Consistency keys success of Mexican greenhouse foodservice deals

09/16/2011 01:04:00 PM
Dan Gailbraith

Grower-shippers of Mexican greenhouse vegetables say there’s one word that remains central to success in the foodservice business: consistency.

“The presentation of the product makes a big difference,” said Jaime Garza, owner of Pharr, Texas-based Bebo Distributing Inc.

Growers say they can get that by growing tomatoes, peppers, cucumbers and other items in protected environments.

“I think some foodservice companies are starting to see the value,” said Gregg Biada, vice president of Bonita Springs, Fla.-based Global Fresh Import & Export, a subsidiary of Springfield, Ill.-based Tom Lange Co.

Price has traditionally played a crucial role in the foodservice sector, but buyers are seeing other compelling reasons to buy greenhouse products, some shippers said.

The consistency in the quality of the product brings assurances that foodservice procurers need, said Fried DeSchouwer, president of Vero Beach, Fla.-based Greenhouse Produce Co. LLC.

“This is where protected culture starts to play a role,” he said.

“The food safety demands from foodservice are well-served by the medium- and lower-tech greenhouses. In that 100 acres, I’m not shifting my production seven times to seven different locations like in field operations. You’re literally operating at the same facility and you’ve got that under control.”

Safety measures are easier to implement and control in protected environments, which has become increasingly important, DeSchouwer said.

“It’s easier and efficient to implement the food safety measurements you need in that one facility,” he said.

“It’s easy to block those acres off and make sure there’s no wild animals that can reach your production. You keep little animals like rats and mice out. It’s quite simple to do in protected culture. Not so, in open-field operations.”

Some growers have recognized that value and have moved some of their production into protected environments, DeSchouwer said.

“It’s a gradual shift,” he said.

“Growers in the U.S. have the money. The problem for them is can they find the climate or location that will enable them to do so? There are some who are trying out 1 or 2 acres of greenhouses, very small plots.”

Having that element of control is key to success in foodservice sales, said Chuck Ciruli, partner with Rio Rico, Ariz.-based Ciruli Bros.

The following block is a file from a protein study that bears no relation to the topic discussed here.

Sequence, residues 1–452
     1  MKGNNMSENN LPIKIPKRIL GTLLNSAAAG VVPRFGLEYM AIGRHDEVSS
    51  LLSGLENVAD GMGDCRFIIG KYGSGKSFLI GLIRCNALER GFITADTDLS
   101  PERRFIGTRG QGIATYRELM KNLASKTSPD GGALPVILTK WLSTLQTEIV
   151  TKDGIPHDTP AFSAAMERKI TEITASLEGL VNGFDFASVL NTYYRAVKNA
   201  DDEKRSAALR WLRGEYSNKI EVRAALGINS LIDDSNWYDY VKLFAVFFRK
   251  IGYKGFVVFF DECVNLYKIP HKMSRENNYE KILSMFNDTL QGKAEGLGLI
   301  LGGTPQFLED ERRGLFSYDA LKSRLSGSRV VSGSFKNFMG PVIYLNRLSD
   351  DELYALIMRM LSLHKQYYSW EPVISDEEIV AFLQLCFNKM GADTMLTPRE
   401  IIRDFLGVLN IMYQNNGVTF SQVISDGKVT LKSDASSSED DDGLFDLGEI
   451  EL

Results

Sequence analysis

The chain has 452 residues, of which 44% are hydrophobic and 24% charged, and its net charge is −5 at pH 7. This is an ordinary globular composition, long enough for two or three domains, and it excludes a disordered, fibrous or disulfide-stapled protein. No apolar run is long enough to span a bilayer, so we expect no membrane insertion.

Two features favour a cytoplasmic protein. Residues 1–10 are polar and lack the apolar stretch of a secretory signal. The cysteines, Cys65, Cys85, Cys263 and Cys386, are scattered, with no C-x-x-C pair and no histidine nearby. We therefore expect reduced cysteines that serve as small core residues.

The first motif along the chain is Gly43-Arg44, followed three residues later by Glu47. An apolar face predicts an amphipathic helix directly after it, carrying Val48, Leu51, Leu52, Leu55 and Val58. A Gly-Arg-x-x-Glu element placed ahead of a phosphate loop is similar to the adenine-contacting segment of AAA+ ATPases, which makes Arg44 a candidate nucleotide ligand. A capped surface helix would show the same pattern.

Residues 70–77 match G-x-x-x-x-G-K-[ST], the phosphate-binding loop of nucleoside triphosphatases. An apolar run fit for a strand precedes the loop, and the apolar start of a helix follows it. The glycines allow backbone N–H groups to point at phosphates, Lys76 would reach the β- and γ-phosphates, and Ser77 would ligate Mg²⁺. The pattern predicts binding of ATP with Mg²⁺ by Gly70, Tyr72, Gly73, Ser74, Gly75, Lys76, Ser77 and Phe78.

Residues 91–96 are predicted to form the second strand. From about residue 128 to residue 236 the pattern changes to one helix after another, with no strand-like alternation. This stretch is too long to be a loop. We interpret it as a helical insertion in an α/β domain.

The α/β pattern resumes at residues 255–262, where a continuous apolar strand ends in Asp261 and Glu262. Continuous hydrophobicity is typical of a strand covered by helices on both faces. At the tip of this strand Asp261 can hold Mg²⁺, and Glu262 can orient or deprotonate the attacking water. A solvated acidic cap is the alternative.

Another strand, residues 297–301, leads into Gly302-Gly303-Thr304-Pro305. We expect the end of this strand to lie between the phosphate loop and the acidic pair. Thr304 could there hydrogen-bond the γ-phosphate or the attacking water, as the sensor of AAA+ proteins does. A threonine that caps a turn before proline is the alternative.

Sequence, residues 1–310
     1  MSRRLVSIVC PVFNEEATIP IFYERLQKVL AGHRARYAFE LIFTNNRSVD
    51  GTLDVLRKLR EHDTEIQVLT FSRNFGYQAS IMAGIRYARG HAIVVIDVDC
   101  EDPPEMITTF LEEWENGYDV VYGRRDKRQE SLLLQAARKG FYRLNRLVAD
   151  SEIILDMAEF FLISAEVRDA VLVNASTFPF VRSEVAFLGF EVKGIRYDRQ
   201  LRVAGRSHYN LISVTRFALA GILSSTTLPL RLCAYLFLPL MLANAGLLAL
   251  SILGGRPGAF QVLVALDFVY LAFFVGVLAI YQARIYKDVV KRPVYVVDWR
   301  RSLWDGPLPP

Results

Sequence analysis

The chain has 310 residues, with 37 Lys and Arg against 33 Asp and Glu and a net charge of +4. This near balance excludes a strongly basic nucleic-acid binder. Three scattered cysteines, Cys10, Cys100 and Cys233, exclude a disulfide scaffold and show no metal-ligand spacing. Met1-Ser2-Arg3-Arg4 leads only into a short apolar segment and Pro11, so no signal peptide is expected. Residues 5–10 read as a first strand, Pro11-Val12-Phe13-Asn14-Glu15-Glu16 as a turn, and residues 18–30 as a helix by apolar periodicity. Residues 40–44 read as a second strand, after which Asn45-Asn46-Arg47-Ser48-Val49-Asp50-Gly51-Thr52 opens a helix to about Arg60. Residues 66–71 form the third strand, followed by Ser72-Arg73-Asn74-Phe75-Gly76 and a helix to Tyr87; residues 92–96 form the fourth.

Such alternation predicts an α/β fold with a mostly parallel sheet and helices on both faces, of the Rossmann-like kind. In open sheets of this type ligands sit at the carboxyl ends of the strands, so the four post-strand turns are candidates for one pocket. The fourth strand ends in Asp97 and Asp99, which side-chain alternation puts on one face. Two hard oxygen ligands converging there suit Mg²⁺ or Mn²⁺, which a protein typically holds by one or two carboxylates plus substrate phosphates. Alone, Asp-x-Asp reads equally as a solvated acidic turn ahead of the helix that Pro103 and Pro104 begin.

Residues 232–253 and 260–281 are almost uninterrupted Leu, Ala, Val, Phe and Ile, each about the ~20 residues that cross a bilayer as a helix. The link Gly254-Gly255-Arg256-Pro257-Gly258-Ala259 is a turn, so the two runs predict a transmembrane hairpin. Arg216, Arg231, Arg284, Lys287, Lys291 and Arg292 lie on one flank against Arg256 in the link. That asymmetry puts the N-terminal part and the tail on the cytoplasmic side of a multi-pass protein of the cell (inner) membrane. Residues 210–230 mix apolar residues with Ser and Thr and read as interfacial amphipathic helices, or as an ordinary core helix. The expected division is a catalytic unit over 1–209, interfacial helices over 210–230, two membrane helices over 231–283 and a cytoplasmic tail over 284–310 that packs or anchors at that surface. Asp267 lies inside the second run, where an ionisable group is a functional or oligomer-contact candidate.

“It helps, because it gives us real consistency,” he said.

“Last year, for example, we had eggplant in the shade house for the first time, so when the open-field stuff was gone, we were able to still provide eggplants. A lot of the red peppers out of the shade house are a big foodservice item, and the cucumbers that come out of the shade house are better than the field cukes. I think the foodservice guys are getting used to seeing those, too.”

Pressures that a down economy can exert on the foodservice sector are considerable, but the greenhouse category continues to do well there, said Mike Aiton, marketing director for Prime Time International, Coachella, Calif.

“It’s still a substantial part of how Americans get their produce, so, for us, we’re very pleased with our progress in the foodservice business,” Aiton said.

“I think we’re getting better at marketing and providing the products the foodservice customer wants. We’re very intrigued with the potential on the foodservice side of the business. It’s been a good growth area for us.”

Foodservice-related economic pressures have varied, said Jim Cathey, general manager of Del Campo Supreme Inc., Nogales, Ariz.

“I think it’s OK,” he said.

“It has gotten better than when the big crunch first hit. Certain segments are showing better numbers. I think that has to do with the economy more than anything. I think your higher-end and your white-tablecloth restaurants might be the ones that are continuing to suffer a little bit.”

Some growers and shippers are more heavily involved in the sector than others.

“Foodservice is something that we are thinking about now, but it’s not our big market,” said Marie Gosselin, director of sales and marketing with Portneuf, Quebec-based Savoura, which just opened a greenhouse operation in Mexico.



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